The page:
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Is it important to convert subtractions to addition, while simplyfing algebraic expressions (For example converting $3x-2y+7x-7y$ to $3x+(-2y)+7x+(-7y)$)? If yes, why and when?

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My opinion is that it should be exercised and thereafter done mentally (not written down) as part of reading an expression. This then allows students and practitioners to directly follow the order of operations, simplifying at each step, and then in the last step recall and apply only the sign rules for addition. Note that the issue of reading/writing additions and subtractions is identical whether we discuss algebraic expressions or purely arithmetic ones.

For example, say we need to simplify $-10-(-12)+(-7)-4$. First we treat all the juxtaposed signs as multiplying and simplify to get $-10+12-7-4$. Then we can read this as, by definition, additions of positive and negative terms to get $-9$.

Note: (1) this follows the standard order of operations (multiply, then add), (2) the entire process requires only remembering the sign rules for two operations (multiply and addition), (3) at each step the expression gets shorter (notably, removing parentheses in the multiply step), and (4) in practice we don't write down the separate added terms, but should be reading it that way mentally.

When I introduce and need to explain the subtraction, then I'll write something like "$2 - 6 = -4$ because $2 +(-6) = -4$", so as to highlight that the latter is not something we'll customarily write down, but is rather part of the mental reading that we do.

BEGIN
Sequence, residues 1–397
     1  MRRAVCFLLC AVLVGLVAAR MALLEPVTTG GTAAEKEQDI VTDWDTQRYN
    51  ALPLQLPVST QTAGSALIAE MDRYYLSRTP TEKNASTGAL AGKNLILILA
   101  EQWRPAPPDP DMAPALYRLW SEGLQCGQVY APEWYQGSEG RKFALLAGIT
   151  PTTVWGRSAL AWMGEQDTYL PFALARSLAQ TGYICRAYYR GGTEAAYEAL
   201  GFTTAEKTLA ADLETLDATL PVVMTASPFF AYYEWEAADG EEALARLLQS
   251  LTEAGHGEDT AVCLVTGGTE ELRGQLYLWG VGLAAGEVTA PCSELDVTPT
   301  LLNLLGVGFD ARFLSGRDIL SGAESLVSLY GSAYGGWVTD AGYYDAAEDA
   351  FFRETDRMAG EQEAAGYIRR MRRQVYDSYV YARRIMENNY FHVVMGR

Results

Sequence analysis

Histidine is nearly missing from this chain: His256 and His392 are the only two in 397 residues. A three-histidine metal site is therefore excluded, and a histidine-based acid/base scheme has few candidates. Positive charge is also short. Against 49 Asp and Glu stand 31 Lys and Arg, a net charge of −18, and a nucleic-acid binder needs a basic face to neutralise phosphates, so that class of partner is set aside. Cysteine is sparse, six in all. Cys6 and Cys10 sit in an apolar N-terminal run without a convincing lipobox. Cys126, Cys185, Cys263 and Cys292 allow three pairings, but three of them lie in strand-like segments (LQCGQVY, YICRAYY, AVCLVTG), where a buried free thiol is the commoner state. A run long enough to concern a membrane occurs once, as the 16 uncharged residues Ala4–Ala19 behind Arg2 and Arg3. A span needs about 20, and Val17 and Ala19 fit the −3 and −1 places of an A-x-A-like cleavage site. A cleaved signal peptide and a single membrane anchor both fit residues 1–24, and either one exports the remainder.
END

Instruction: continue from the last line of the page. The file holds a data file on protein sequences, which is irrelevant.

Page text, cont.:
A blog article I wrote about this issue: AngryMath: Automatic Negatives, which motivates the structure of the quiz on "Negative Numbers" at Automatic Algebra.

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  • $\begingroup$ I agree with everything here. However, your answer discusses arithmetic expressions rather than algebraic ones, so does it really answer the question? $\endgroup$ – DavidButlerUofA Nov 29 '15 at 19:27
  • $\begingroup$ @DavidButlerUofA: The issue is equivalent. You can take my example and insert variable terms wherever, but I don't think that's really clarifying anything. The question is really about reading and writing the operations of addition and subtraction. $\endgroup$ – Daniel R. Collins Nov 29 '15 at 19:33
  • $\begingroup$ In that case I think it's worth adding to your answer that the issues are the same as those for plain negative numbers. I know it might seem like this is implicit in your answer, but I think it will make your answer better to be explicit. $\endgroup$ – DavidButlerUofA Nov 29 '15 at 19:40
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    $\begingroup$ Also, there is the issue of rearranging an expression to make it easier to simplify, or combining numbers/terms that aren't next to each other. I think this is where the explicit +(-7x) can help to make the point that the term carries its - sign with it. But as you say, it's something you don't want to do explicitly except when it helps to clarify. $\endgroup$ – DavidButlerUofA Nov 29 '15 at 19:43